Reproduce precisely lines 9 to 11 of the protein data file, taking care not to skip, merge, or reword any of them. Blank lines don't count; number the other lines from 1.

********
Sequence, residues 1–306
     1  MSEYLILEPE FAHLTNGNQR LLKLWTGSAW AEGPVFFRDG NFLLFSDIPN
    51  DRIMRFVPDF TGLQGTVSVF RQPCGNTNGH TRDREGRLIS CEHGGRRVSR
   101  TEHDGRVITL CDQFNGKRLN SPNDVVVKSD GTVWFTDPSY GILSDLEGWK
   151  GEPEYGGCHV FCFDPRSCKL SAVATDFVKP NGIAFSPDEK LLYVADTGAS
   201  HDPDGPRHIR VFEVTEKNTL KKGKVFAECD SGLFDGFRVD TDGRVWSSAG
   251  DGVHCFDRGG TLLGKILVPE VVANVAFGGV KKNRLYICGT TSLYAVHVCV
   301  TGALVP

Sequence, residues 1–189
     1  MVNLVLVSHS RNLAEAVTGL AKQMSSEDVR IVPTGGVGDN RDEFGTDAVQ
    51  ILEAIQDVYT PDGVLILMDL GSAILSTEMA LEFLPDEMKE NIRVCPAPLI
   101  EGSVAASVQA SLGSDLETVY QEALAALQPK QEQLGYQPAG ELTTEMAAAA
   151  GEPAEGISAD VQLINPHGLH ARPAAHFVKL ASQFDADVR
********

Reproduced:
Sequence, residues 1–189
     1  MVNLVLVSHS RNLAEAVTGL AKQMSSEDVR IVPTGGVGDN RDEFGTDAVQ
    51  ILEAIQDVYT PDGVLILMDL GSAILSTEMA LEFLPDEMKE NIRVCPAPLI